What are AWS Marketplace Private Offers?
If you are not familiar with AWS Marketplace Private Offers, it is a system where OEM software companies can directly negotiate custom pricing with their end users, while still selling at a fixed price through the AWS Marketplace. The option officially rolled out a year ago, but it’s only now picking up steam. As usual, it takes a while before unintended consequences start to show themselves.
First, the flexibility allowed by Private Offers is a good thing. It benefits consumers as they can potentially earn a better discount, and sellers can choose to reward larger or strategic customers. However, there is at least one outstanding issue, namely how Private Offers impacts those who have a consolidated bill that contains a multiple unrelated customers. This applies to any MSP, ISV, Distributor, or Reseller who maintains a single payer account that contains dozens if not hundreds of different customer linked accounts. If a customer under a payer account negotiates directly with a Marketplace Seller for special pricing on an offering, two things happen. One, the Payer account must agree to the special pricing. Second, and most concerning, this special pricing will become the pricing for ALL customers within that account.
Putting Marketplace Private Offers into Context
Let’s take a fictional payer account that owns 50 unique customers. One of those customers is a heavy user of Datadog. That customer negotiates with Datadog to get a 30% discount off of the standard Marketplace price due to the high volume of their usage. Before that takes effect, the Owner of the Payer account must sign on to the private offer. Once that offer is accepted in that payer account, not only does the customer who negotiated with Datadog get the 30% discount, but the other 49 customers would automatically receive that discount as well if they were to buy Datadog using the AWS Marketplace, without having to negotiate for a private offer.
So what does this mean? It means that Datadog is losing revenue for the other 49 customers, of whom, if they were to use Datadog, are now automatically getting a discount that they did not ‘earn’ through their own volume usage or their own negotiating talents. In addition, it means that if the owner has another big customer who wants to negotiate a different deal, perhaps with a tiered usage discount instead of a flat 30% discount with Datadog, there is no way for that to happen while remaining in the existing payer account.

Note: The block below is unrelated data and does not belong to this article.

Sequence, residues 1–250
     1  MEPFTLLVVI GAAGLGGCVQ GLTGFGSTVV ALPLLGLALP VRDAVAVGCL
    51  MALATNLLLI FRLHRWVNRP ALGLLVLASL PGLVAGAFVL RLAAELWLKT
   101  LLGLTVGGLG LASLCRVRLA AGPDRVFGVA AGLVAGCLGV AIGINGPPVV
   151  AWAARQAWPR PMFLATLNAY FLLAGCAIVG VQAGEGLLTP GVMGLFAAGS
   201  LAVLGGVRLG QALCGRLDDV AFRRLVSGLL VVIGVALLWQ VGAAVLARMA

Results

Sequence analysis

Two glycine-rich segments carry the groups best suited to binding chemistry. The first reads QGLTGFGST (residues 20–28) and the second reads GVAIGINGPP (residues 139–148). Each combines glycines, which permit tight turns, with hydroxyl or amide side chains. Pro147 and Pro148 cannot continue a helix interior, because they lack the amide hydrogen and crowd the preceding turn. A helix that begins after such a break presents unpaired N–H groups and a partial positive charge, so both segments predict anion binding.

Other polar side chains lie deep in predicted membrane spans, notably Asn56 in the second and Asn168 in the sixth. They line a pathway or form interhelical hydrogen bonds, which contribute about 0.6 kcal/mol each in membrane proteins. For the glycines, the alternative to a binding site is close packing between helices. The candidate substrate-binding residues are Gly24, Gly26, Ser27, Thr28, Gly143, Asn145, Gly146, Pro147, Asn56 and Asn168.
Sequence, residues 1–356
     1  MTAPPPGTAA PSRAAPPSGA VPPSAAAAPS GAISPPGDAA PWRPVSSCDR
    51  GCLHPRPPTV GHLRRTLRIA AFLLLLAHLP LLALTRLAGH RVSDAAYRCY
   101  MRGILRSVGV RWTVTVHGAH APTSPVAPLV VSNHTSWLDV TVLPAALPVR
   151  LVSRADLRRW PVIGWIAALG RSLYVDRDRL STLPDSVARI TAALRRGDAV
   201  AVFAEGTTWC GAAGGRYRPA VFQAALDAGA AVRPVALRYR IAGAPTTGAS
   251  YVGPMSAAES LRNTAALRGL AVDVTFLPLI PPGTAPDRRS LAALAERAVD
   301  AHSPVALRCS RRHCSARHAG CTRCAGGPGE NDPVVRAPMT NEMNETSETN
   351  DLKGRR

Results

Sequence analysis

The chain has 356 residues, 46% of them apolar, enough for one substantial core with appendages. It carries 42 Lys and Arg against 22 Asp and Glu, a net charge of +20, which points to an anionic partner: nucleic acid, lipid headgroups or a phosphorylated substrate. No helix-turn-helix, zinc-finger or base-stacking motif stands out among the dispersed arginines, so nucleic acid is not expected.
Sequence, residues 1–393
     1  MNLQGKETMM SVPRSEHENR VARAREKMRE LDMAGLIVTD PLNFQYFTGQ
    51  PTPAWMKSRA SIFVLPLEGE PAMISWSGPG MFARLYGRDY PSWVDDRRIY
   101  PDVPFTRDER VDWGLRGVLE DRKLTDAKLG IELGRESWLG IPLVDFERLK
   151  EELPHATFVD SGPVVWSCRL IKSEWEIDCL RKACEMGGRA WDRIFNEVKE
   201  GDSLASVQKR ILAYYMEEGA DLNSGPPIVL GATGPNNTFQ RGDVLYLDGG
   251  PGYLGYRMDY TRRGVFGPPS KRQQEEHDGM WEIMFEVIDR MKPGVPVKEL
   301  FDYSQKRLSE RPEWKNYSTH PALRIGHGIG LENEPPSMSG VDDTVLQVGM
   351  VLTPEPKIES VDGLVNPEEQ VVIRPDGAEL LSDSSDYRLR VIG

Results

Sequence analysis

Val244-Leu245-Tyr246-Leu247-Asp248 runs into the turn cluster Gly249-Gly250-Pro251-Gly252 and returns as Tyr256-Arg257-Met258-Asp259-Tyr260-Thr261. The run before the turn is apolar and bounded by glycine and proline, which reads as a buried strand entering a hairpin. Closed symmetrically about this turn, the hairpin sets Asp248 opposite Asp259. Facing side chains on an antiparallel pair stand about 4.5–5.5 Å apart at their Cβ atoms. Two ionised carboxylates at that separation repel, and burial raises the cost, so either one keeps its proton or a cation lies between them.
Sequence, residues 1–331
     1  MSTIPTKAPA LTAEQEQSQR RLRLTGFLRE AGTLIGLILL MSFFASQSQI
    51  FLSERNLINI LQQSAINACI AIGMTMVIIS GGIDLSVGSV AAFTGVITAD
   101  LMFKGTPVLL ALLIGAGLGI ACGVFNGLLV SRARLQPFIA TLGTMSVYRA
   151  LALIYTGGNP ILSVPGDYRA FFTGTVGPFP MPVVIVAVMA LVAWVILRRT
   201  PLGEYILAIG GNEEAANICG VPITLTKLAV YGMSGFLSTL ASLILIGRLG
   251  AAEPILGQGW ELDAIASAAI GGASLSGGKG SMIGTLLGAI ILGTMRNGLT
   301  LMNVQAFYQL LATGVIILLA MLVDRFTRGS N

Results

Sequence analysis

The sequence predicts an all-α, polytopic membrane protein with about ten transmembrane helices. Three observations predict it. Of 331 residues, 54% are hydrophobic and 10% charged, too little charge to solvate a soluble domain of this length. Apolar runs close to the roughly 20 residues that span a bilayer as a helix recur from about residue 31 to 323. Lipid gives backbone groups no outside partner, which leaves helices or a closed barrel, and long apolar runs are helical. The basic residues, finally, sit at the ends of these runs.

There is a manual work around to this issue if you’ve got the time. You can reach out to the Marketplace Customer Service team and have them manually modify the existing order to show as expired. After that happens, the other customers can buy Datadog at the standard Marketplace rates and not have access to the discounted rate.
However, there are three issues with this. First, and most importantly, this is not a solution that will scale if many customers are doing private negotiations with Marketplace partners. Second, this will not allow for a different private offer to be created for the same vendor, meaning that Datadog can’t have two unique private offers within the same payer account. And finally, if the original customer who negotiated the private offer creates another linked account that needs access to the original private offer, you will have to reach back out to the Marketplace team to re-activate the program within the console.
Why not split in to separate payer accounts and solve the whole problem that way? Well for starters, one of the main sources of profit margin for MSPs and the like is from the volume discounts that comes from having more usage within a single payer account. Every time a payer account is split to create a second or tenth payer account, the cumulative margin goes down since each payer accounts has the volume discounts for everything from S3 and Data Transfer to Support, recalculated from the beginning. This can easily be more than a $250k decrease in annual margin for a reseller. That isn’t loose change!
What to Keep in Mind
None of this means that AWS Marketplace Private Offers are a bad idea! In fact, if you, as the MSP negotiate yourself, you could create additional margin by selling that offering to your customers at the regular retail price. Or you could pass on the discounted pricing as a benefit for your customers. But, be aware, if your customers negotiate directly with the Marketplace seller without talking to you first, you could end up having an awkward conversation about creating a new payer account to fulfill that request.
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